Diabetes of either type is obviously a cause of concern for the individual suffering from it. But for pregnant women with diabetes, it might mean an increased risk of birth defects in their babies, says a new study by Newcastle University and Regional Maternity Survey Office.
Statistics brought forth by this news convey that children born to women suffering from diabetes at the time of pregnancy, are approximately four times more prone to having a congenital anomaly, as compared to those whose mothers did not exhibit this condition. The relation is being traced to the glucose levels of the expectant female.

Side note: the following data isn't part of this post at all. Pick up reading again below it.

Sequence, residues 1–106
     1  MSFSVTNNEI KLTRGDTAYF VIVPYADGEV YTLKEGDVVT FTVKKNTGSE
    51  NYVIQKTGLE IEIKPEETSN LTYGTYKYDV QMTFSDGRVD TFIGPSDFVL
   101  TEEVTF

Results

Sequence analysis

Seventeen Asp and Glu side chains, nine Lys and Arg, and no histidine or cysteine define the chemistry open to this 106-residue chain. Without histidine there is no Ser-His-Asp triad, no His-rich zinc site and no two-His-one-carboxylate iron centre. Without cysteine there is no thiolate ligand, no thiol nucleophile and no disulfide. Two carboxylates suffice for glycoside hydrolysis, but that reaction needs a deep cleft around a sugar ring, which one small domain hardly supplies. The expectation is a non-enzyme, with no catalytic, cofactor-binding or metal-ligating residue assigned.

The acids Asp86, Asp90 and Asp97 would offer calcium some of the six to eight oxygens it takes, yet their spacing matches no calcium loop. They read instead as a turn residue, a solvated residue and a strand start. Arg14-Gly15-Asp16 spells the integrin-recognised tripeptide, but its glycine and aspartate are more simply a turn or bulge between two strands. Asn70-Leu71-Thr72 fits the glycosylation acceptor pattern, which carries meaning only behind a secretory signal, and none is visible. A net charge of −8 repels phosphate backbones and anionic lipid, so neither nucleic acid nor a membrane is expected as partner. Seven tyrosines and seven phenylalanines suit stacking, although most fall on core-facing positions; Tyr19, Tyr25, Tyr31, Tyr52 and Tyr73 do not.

“The good news is that, with expert help before and during pregnancy, most women with diabetes will have a healthy baby. The risk of problems can be reduced by taking extra care to have optimum glucose control before becoming pregnant. Any reduction in high glucose levels is likely to improve the chances of a healthy baby. All young women with diabetes need to know about preparing for pregnancy, and should contact their doctor or diabetes team as soon as possible if they are thinking about pregnancy or become pregnant,” commented Dr. Ruth Bell, the lead researcher of this study.
This study investigated the records of 401,149 pregnancies in the north of England from the period spanning 1996 to 2008. Of these, 1,677 cases covered women suffering from diabetes. It was also seen that if the blood glucose levels of these subjects were controlled within the recommended ranges, the chances of congenital defects in the offspring were significantly reduced.
The findings of this study have been published in the journal, Diabetologia.